HK actively preparing to welcome mainland tourists after border reopens, says city lawmaker
Published: Jan 10, 2023 02:11 AM
Perry Yiu Photo: Yun Tianhua/GT

Perry Yiu Photo: Yun Tianhua/GT

Hong Kong's tourism industry is preparing and actively reshaping itself, such as exploiting its potential for red tourism, to welcome tourists from the mainland, as the border reopening between the mainland and Hong Kong offers hope for the city's battered tourism industry, said Hong Kong's tourism sector lawmaker Perry Yiu, who also noted a V-turn recovery for tourism is not likely in the near future.

On what he described as a "historic" day as the mainland and Hong Kong reopened the border on Sunday, Yiu went to the Hong Kong Macau Ferry Terminal to receive the first batch of passengers traveling from Shenzhen's Shekou port that day. "Only a few dozen passengers were on that boat, which can ferry nearly 300 people. But we are excited anyway. Opening the border between the mainland and Hong Kong is an important step for our tourism recovery," Yiu told the Global Times in an interview on Monday.

At the initial stage of border reopening, a daily quota of Hong Kong travelers heading to the mainland will be set at 60,000; a quota will also apply to mainland travelers heading to Hong Kong.

Hong Kong topped the list of destinations of mainland travelers after China reopened the border with the city.

Appointments for mainlanders' applications to travel to Hong Kong were fully booked on Monday, the second day after such processing resumed. Tour groups are not allowed just yet.

Yiu said that the tourist industry in Hong Kong is also actively preparing for an influx of travelers from the mainland. "Hong Kong's tourism industry has suffered for three and a half years, including both the pandemic and social unrest in the second half of 2019," said Yiu. He called the border reopening on Sunday the "first light of dawn."

Only 440,000 tourists made trips to Hong Kong from January to November last year, compared with 65 million in 2018, according to Yiu.

Mainland tourists were the biggest group of Hong Kong's visitors in previous years. In 2018, 78 percent of the 65 million who visited Hong Kong were from the mainland. Yet from January to November 2022, slightly more than 307,000 tourists came from the mainland, according to official statistics.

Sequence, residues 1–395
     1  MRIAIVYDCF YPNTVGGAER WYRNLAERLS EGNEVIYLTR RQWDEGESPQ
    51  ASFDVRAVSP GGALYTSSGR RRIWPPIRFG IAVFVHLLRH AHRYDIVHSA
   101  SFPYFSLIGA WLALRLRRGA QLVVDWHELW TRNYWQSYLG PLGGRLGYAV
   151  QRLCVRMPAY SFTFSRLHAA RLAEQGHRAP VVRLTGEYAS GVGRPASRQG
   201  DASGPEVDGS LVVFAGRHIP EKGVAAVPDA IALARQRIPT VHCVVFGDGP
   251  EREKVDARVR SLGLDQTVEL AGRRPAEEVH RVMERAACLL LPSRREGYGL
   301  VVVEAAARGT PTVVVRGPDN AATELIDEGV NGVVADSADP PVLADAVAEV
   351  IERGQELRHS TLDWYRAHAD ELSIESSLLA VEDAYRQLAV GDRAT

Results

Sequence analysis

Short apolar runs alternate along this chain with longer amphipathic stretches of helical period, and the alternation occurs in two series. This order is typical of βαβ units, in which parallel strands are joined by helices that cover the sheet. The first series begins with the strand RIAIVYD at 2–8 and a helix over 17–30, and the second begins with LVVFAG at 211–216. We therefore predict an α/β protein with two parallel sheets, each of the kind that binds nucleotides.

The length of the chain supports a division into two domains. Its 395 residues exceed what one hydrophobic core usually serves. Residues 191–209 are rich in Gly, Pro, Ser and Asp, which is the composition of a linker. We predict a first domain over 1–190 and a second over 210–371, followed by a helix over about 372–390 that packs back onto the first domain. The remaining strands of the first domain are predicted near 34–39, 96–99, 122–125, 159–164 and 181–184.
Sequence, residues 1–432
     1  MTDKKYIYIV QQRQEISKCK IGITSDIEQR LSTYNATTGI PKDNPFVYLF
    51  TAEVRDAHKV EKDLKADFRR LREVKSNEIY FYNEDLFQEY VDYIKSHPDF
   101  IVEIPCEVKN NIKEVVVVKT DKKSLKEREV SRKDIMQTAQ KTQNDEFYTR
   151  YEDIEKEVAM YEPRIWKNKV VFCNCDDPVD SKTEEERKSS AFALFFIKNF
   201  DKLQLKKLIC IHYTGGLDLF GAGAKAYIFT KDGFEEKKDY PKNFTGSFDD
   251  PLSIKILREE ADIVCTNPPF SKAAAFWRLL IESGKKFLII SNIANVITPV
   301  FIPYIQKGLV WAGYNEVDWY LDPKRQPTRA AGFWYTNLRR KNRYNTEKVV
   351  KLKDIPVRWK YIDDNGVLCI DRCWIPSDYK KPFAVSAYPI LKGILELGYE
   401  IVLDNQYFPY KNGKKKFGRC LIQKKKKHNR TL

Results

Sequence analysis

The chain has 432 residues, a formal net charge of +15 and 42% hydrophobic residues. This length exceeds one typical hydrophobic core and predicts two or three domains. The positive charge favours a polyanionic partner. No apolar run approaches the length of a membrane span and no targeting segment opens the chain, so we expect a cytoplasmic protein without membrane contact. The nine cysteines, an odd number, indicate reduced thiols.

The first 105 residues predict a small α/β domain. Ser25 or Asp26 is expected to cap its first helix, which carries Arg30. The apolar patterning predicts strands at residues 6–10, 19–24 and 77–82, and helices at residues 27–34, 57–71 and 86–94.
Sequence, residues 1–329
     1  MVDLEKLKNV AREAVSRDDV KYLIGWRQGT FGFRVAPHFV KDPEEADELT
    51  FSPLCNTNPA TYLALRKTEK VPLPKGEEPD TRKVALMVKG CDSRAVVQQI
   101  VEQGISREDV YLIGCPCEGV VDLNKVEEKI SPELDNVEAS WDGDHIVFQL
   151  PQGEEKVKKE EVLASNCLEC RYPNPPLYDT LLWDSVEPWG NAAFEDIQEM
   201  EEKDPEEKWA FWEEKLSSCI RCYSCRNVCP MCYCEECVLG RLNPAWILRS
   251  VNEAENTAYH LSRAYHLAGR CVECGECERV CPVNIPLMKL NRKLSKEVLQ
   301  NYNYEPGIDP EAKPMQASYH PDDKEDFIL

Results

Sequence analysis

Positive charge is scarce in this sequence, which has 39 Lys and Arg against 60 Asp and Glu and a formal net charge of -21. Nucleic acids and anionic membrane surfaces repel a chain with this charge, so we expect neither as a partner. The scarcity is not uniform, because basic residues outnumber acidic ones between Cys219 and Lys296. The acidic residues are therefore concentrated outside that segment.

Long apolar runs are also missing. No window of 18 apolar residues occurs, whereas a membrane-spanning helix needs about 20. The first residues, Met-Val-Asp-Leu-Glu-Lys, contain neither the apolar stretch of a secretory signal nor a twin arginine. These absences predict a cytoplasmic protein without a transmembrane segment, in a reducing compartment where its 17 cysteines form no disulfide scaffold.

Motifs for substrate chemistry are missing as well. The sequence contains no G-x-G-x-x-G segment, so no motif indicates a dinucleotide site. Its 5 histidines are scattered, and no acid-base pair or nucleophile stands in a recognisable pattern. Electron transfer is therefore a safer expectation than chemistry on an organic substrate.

Yiu believes that a V-turn for the Hong Kong tourism industry is not likely in the near future, citing reasons such as the approaching Chinese New Year, which falls on January 22 and for which most people head home to be with family instead of traveling to other cities. Other factors are the current quota for travelers and the fact that tour groups on both sides have not resumed.

Another concern is the shortage of employees. Yiu said that before the pandemic, there were roughly 1,700 travel agencies in the city, and almost 300 travel agencies in Hong Kong went bankrupt in the past three years. People will be reluctant to return to the travel business in the near future, due to the slow recovery, said Yiu.

"I believe after Chinese New Year the number of tourists from the mainland will slowly pick up," said the lawmaker. He also said further relaxing of the border quota will also help.

In the meantime, Yiu said the Hong Kong tourist industry is actively preparing. "Hong Kong's tourism industry was spoiled in previous years as it appeals to tourists, even though it did not need to make dedicated plans to attract them."

But now things have changed after three years. Even though tourism was nearly frozen for three years, Hong Kong has been gearing up to push for new tourist attractions, and has added new features.

Hong Kong Palace Museum is a case in point. The museum officially opened to the public in July last year, showcasing more than 900 precious cultural relics selected from Beijing, including 166 first-class national cultural relics, to show China's long history and unique culture.

Yiu said that Hong Kong is also reshaping itself to cater for tourists from all over the globe, offering special packages such as sports and culture tourism.

The lawmaker specially mentioned red tourism, which has been booming in the mainland in recent years. "Hong Kong also has room for red tourism, as the city has many historical relics, such as those built during the War of Resistance Against Japanese Aggression (1931-45)."

Red tourism, according to Yiu, can not only attract mainland travelers; it also helps the public in Hong Kong, especially the younger generations, to form a deeper understanding of history and elevate their national identity awareness.